High times in Oregon, or are they?

Oregon medical marijuana has been in the news a lot lately. With the growing expansion of dispensary-like "cannabis cafes," cannabis-related eateries, and medical marijuana's prominence as a hot-button issue in the Democratic campaign for state attorney general, public acceptance of the growing presence of medical marijuana in the community appears to be at an all-time high.

Recent legal news on the federal front, however, should temper any belief that the days of criminalization are nearing an end. As noted in the Oregonian, federal authorities recently arrested six people in Southwestern Oregon for allegedly growing far more marijuana than was authorized under Oregon's Medical Marijuana Act and conspiring to sell the excess out-of-state on the black market.

Under Oregon's law, medical marijuana users can grow their own medicine or choose to have an authorized caregiver grow it for them. Both patients and caregivers are subject to strict limits on the number of plants in their gardens and the amount of usable marijuana they may possess. It is unlawful to sell medical marijuana, even to patients, in Oregon, although caregivers are allowed to recover some of their production costs.

While the U.S. Attorney for Oregon maintains she is sending a message to those who are using the medical marijuana program as a screen for their unlawful activities, it remains true that any growing, production, distribution or even possession of marijuana remains a federal crime. Thus, even medical marijuana patients and growers who are in full compliance with the Oregon Act are in violation of federal law and may find themselves swept up in a federal prosecution.

Federal law with regard to marijuana can be draconian. In the case of marijuana cultivation, there are 5 and 10-year mandatory minimum sentences triggered by only 100 and 1000 plants respectively. Additionally, while legitimate medical marijuana growers will likely have no prior criminal history and otherwise be eligible for relief from the mandatory minimums under federal "safety valve" provisions, this may not always be the case.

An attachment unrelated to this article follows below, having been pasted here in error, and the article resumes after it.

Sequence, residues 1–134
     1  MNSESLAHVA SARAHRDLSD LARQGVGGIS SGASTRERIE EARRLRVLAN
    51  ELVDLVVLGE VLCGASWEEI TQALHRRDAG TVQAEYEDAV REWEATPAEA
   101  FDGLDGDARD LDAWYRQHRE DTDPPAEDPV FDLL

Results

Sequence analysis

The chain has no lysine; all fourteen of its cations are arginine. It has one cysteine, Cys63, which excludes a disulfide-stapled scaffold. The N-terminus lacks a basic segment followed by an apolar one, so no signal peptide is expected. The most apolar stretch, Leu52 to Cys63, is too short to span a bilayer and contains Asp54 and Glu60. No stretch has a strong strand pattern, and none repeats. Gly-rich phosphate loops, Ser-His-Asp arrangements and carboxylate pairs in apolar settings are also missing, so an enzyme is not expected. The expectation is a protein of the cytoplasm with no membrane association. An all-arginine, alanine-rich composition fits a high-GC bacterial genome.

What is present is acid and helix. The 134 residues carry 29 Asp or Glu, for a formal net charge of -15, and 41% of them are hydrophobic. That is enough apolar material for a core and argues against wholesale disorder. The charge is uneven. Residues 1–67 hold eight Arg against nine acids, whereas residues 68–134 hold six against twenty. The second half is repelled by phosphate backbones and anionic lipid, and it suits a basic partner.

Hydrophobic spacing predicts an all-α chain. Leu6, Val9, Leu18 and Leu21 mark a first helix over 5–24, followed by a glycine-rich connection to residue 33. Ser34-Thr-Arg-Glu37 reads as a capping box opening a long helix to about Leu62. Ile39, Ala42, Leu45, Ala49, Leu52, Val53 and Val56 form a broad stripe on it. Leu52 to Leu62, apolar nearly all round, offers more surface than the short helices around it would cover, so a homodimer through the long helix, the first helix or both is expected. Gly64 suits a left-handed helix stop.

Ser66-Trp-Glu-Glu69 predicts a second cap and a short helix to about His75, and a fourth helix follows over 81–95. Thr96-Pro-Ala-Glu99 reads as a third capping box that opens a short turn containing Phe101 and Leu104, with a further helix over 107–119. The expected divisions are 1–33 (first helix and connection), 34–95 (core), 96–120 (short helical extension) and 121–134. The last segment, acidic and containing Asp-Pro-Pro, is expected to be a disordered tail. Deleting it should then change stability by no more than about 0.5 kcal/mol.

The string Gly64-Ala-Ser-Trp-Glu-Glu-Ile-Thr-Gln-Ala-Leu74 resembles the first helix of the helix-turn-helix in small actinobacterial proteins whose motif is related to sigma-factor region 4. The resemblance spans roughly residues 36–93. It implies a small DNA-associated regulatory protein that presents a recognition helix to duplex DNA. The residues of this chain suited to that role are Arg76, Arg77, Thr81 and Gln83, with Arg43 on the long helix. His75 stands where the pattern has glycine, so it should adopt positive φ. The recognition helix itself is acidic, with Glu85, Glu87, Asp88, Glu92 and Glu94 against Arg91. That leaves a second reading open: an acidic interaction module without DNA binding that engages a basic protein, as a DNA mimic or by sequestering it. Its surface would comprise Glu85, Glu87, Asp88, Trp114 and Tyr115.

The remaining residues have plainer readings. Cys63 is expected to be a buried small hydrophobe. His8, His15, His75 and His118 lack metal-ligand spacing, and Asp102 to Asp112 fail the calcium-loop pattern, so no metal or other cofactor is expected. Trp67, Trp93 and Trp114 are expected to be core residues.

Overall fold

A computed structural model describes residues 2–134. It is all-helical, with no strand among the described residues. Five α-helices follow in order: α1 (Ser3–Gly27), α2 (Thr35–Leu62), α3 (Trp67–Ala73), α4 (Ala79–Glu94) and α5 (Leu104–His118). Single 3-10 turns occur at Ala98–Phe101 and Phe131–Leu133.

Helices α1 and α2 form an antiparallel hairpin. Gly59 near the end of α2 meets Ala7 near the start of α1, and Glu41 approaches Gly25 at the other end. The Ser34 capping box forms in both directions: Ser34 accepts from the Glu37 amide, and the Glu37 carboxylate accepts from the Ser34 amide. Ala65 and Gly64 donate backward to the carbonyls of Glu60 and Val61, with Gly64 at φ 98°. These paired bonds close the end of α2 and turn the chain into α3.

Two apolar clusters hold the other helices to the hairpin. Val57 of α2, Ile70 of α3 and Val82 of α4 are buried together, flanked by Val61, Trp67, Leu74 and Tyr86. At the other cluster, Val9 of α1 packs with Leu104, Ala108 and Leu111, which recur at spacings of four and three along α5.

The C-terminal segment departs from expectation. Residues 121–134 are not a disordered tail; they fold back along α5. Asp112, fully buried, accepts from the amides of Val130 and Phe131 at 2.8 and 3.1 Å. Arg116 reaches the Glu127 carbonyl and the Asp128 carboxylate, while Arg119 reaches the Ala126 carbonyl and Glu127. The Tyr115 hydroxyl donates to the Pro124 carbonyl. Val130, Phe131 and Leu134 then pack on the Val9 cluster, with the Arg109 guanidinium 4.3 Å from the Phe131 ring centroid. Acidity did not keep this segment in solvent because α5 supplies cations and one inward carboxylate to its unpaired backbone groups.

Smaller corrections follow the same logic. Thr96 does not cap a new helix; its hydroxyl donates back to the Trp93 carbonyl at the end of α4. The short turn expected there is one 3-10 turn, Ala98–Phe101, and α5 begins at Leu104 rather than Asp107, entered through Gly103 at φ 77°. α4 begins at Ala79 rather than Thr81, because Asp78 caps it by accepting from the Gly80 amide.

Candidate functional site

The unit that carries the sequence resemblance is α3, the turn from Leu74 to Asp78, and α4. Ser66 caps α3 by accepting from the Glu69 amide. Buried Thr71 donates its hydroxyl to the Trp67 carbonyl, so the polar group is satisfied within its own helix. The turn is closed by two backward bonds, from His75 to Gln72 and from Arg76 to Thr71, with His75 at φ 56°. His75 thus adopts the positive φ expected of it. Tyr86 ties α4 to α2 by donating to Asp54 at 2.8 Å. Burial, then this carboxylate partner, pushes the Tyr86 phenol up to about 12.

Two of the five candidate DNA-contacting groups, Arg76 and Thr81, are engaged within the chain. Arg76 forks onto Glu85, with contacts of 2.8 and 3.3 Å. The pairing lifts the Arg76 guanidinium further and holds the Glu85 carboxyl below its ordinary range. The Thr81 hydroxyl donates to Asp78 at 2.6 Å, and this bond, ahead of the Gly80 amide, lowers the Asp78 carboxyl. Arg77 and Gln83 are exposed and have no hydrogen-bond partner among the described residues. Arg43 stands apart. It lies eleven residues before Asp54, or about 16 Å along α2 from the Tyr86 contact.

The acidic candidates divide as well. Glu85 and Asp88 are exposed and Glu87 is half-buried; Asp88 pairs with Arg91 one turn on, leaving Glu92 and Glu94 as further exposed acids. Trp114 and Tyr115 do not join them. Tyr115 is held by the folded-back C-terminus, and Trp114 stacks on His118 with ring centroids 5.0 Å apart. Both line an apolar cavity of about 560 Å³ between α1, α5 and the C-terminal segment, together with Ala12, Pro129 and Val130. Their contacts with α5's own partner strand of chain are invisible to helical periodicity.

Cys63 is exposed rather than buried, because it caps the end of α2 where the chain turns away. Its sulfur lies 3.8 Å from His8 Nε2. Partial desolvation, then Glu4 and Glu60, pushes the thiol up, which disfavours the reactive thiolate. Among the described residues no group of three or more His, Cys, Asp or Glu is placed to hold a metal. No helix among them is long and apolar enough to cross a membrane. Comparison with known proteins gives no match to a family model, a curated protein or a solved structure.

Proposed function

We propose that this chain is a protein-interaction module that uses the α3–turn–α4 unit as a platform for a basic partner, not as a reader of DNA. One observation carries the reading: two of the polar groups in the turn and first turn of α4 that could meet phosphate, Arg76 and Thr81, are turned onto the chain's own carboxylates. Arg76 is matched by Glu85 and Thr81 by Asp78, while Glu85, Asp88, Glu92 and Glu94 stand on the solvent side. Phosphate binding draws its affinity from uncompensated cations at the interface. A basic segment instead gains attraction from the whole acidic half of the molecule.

For example, under federal law, it is a separate criminal offense to possess a firearm in connection with another federal offense. The otherwise lawful possession of a firearm can also be used to deny a first time offender "safety valve" relief from a marijuana cultivation mandatory minimum.

Many otherwise law-abiding persons in Oregon possess firearms, both for self-defense and recreational purposes. The news is also filled with stories lately of medical marijuana growers being robbed for their medicine. It doesn't stretch the imagination to see that some Oregon medical marijuana growers may keep firearms openly and notoriously to discourage would-be thieves.

Additionally federal civil and criminal property forfeiture laws can be applied aggressively against persons being investigated and charged in federal court. Personal property, real estate, bank accounts, business property and cash can all be seized in advance of trial.

The point is that, particularly where firearms are concerned, one's legitimate involvement in Oregon's medical marijuana program can have dramatic and unintended consequences in federal court. Anyone engaged in the program should do themselves a favor and seek out a comprehensive legal evaluation of their potential legal risks and liabilities from a qualified Oregon federal defense attorney.


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